Saturday, October 8, 2011

3 B's Today! Rona Barrett, Betty Buckley, Barbara Cook!


It's ironic, but until you can free those final monsters within the jungle of yourself, your life, your soul is up for grabs.
Rona Barrett

Happy Saturday!
Today, I am writing about three women who have touched my life. One is celebrating a birthday. One is currently appearing at Feinstein's. One will be returning to Feinstein's next month.

I'd like to begin my blog today by wishing Rona Barrett a very happy birthday. Rona, you don't know me but you got me through the 70s. I've several times written about my childhood in South Carolina and truly being a product of 70s television. In addition to the shows I watched, Rona Barrett's Hollywood was a definite guilty pleasure! For my readers who are too young to remember, this magazine was the last of the great movie magazines. It had gossip, great articles, and great pictures.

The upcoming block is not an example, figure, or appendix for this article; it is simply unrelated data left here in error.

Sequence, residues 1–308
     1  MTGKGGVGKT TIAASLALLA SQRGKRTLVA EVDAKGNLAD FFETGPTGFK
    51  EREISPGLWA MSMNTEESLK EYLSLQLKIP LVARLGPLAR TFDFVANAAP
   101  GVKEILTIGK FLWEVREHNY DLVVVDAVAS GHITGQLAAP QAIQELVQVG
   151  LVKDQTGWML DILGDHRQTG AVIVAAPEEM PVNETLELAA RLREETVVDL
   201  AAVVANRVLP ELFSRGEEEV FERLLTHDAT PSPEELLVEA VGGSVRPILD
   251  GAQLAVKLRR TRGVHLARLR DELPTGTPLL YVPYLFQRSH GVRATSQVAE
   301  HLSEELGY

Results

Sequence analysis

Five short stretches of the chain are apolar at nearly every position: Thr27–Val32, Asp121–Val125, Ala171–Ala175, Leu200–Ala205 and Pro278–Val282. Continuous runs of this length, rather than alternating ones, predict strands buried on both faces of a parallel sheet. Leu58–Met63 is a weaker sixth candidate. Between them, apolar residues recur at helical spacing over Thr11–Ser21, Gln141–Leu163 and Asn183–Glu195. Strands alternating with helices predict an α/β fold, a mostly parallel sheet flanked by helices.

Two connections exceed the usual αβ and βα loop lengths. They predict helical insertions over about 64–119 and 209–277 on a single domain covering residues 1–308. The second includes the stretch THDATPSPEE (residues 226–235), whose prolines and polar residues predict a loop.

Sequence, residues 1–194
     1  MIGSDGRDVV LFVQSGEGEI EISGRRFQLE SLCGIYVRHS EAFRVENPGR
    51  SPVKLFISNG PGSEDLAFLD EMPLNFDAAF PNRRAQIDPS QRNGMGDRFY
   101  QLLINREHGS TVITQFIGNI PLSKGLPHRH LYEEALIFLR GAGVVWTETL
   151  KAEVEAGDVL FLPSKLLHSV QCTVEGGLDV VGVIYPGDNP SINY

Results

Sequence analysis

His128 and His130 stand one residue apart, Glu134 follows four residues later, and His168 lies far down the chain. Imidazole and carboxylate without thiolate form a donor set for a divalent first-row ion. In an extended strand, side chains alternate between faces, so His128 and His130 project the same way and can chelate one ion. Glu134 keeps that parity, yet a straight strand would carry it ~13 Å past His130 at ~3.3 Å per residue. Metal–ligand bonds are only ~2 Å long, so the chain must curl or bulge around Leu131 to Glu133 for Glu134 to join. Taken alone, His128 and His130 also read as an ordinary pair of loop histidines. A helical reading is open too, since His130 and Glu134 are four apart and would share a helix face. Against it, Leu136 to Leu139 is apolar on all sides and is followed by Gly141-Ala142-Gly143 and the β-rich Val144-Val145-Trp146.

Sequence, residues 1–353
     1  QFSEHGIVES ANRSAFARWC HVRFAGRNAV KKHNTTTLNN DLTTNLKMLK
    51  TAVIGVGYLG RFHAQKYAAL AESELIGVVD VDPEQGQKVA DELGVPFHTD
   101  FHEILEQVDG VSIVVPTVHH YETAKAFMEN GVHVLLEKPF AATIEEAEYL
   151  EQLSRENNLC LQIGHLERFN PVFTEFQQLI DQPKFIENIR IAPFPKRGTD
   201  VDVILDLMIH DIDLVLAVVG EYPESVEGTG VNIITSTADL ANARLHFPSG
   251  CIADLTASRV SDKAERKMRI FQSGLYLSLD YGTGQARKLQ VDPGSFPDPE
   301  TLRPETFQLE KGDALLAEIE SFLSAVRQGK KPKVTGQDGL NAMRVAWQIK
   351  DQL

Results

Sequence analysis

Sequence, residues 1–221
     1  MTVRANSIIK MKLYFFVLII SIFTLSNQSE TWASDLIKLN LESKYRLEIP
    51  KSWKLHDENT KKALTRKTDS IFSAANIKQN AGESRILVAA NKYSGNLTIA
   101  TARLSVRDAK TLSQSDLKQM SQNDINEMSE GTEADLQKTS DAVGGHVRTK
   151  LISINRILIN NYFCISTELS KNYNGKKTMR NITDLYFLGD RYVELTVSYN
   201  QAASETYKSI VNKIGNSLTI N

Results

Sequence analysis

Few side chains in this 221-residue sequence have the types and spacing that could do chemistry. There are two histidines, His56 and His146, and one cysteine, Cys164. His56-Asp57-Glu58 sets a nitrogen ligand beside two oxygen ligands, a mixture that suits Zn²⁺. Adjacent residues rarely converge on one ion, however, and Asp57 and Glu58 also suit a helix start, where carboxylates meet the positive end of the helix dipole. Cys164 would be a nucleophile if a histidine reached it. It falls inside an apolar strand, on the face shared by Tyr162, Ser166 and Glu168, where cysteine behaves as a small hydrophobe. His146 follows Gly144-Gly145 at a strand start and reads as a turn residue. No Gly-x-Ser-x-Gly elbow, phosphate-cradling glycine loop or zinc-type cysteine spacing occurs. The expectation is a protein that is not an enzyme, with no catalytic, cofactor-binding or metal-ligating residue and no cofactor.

Rona Barrett (born Rona Burstein, October 8, 1936, New York City) is an American gossip columnist and businesswoman. She currently runs the Rona Barrett Foundation, a non-profit organization in Santa Ynez, California, dedicated to the aid and support of senior citizens in need.

Pick your enemies carefully or you'll never make it in Los Angeles.
Rona Barrett

The healthy and strong individual is the one who asks for help when he needs it. Whether he's got an abscess on his knee or in his soul.
Rona Barrett

Happy Birthday, Rona!

Also, I want to congratulate Betty Buckley on her rave review in the New York Times for her current show at Feinstein's. I, like most of my generation, first became familiar with Betty in Carrie and then fell in love with her on EIGHT IS ENOUGH.
What an incredible concert, recording, and theatrical career she has has. Years ago we were seated together at Quinn Lemley's THE HEAT IS ON show, Quinn's tribute to Rita Hayworth. I found Betty to be like running into an old friend. She seemed very interested in knowing who Danny and I were and asked a lot of questions. A wonderful memory we have.